I remember the first time the executive team of one of the Big Three Anti-Virus vendors explained to me their mobile strategy.  It was the new consumer gold mine they were going to tap. "There are over 100 million smart phones and some day mobile devices will outpace all other platforms!" they would exclaim.  You could see the gleam in their eyes.  Consumers would pay $29.95 a year for AV software to protect their phones from spam and infections!  Well, according to Mary Meeker mobile platforms exceeded PC shipments late last year but there is no AV market for smart phones, iPads, and book readers. Why is that?

There are three reasons: diversity, carriers, and competition.   The reason that viruses became the scourge they are today is the monoculture that Microsoft created. Servers, desktops, laptops, and even embedded systems all run the same code. A single vulnerability in one platform is repeated in the others.  A cyber criminal can focus his development efforts on targeting Windows and Internet Explorer and hit the vast majority of computers.   You may have noticed the plethora of platforms in the mobile arena: IOS on Apple products, Android, BlackBerry, Kindle, etc.  An attacker has to target a particular platform.   In the new mobile world you will never have the situation that existed in 2004 when everyone's PC slowed to a halt. They were infected with so much spyware, adware, and worms that they went out and bought new machines.

PCs connected to the Internet are much different than cell phones connected to Verizon, ATT, or T-Mobile.  Your ISP does not much care if you become infected with a virus. That is your problem, not theirs.  But a virus on a phone network could be cataclysmic.  A single infection causing problems on a cell phone generates a call to the carrier's support center or a visit to the outlet store. It costs them money.  They are investing heavily in network protections to make sure that their cell systems stay virus free.  They choose the platforms they support.  If a particular handset is prone to infections they will drop it or force patch updates across their network.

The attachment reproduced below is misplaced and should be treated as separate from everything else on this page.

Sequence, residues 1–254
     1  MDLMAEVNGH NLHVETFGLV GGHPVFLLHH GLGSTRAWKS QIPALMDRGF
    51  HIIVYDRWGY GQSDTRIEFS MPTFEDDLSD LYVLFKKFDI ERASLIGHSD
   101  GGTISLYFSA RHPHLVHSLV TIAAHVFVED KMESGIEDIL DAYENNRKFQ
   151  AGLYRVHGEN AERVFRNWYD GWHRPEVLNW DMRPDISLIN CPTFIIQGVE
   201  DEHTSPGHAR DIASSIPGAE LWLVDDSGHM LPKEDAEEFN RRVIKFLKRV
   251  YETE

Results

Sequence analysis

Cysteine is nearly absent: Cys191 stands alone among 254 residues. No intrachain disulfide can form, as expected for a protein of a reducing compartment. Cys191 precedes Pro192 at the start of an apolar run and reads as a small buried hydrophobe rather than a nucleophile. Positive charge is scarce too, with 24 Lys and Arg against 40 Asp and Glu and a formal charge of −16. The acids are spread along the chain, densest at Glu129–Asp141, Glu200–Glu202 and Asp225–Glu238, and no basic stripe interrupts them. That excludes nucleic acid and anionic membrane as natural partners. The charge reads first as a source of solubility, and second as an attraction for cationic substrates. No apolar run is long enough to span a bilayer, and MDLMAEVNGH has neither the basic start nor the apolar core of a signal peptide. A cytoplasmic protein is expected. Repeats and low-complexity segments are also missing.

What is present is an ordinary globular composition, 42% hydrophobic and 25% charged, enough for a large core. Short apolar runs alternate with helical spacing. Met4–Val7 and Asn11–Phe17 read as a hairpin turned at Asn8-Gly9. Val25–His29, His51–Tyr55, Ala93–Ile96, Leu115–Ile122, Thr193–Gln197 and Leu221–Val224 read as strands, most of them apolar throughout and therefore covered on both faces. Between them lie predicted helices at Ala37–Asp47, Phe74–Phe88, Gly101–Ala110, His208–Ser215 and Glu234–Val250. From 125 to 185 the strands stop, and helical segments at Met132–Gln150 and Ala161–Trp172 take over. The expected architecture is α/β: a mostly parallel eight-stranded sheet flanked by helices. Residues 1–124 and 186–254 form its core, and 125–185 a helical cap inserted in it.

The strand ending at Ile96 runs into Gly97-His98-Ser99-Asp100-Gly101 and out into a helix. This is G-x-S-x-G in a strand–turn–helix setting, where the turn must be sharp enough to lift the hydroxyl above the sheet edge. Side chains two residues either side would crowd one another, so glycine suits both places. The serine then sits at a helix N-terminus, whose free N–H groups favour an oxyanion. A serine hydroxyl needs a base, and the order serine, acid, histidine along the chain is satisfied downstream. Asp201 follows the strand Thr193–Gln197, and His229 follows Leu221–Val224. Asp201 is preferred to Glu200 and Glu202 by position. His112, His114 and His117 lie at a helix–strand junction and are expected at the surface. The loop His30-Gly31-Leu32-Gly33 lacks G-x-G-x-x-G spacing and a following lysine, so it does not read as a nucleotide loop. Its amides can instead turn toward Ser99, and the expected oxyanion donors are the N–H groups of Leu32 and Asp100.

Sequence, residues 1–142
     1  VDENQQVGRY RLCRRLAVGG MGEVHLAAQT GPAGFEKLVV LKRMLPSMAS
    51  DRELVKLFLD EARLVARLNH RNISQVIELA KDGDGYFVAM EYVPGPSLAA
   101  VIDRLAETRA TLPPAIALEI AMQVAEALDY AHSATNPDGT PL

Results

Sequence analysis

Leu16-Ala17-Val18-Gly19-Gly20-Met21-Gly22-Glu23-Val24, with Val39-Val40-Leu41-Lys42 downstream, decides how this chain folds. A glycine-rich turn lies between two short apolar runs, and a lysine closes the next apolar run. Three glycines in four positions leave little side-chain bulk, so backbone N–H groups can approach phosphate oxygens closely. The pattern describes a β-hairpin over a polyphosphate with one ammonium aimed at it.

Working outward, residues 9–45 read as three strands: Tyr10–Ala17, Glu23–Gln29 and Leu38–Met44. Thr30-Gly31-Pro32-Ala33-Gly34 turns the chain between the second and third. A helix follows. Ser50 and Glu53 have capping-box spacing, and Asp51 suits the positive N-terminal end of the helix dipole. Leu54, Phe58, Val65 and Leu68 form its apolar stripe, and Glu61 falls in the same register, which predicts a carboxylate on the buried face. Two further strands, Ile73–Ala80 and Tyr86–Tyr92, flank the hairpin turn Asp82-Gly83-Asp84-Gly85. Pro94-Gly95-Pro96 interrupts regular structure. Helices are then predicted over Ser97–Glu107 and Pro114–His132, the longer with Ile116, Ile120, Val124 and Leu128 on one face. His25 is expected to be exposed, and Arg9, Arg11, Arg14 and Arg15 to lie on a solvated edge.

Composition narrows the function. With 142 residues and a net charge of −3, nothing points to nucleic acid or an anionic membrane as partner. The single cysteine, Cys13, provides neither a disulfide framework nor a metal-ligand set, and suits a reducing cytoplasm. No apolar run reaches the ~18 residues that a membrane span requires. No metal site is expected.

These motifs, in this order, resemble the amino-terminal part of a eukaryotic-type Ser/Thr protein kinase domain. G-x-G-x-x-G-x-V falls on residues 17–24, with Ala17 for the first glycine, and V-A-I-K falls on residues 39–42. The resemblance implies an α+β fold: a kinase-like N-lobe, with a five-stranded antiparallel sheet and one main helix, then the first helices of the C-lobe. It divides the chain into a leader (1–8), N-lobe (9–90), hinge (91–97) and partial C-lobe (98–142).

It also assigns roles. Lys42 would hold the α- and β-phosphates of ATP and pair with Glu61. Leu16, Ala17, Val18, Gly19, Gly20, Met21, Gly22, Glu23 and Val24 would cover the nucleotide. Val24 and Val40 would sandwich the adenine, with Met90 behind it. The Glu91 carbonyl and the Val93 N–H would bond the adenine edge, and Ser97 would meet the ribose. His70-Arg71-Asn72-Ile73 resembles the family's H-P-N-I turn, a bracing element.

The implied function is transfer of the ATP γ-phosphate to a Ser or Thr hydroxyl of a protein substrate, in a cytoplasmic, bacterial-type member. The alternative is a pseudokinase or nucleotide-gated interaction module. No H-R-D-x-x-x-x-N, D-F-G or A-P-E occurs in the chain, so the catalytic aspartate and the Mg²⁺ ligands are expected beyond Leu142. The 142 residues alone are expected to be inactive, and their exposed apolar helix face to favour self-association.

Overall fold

That is not to say that mobile platforms are problem free. All platforms are vulnerable and will see attacks. But the platform owners will respond before a market ever develops for scanning AV software.   Security will be built in as quickly as possible. App stores will pre-scan and verify software before you down load it. You will still need to be able to lock your device if it is lost or stolen. You will want to encrypt data on it. You will have VPN clients for secure communications.  Many of these protections will be bundled with the mobile device as value added features.

Mobile platforms will be components of other security solutions. I have written on how they are the ideal device for two factor authentication.  That industry will take off.   And companies like Mocana will work with platform developers to build security in.   There is money to be made in mobile security, but there will be no AV market for mobile.

Watch my interview with Adrian Turner, CEO of Mocana, here: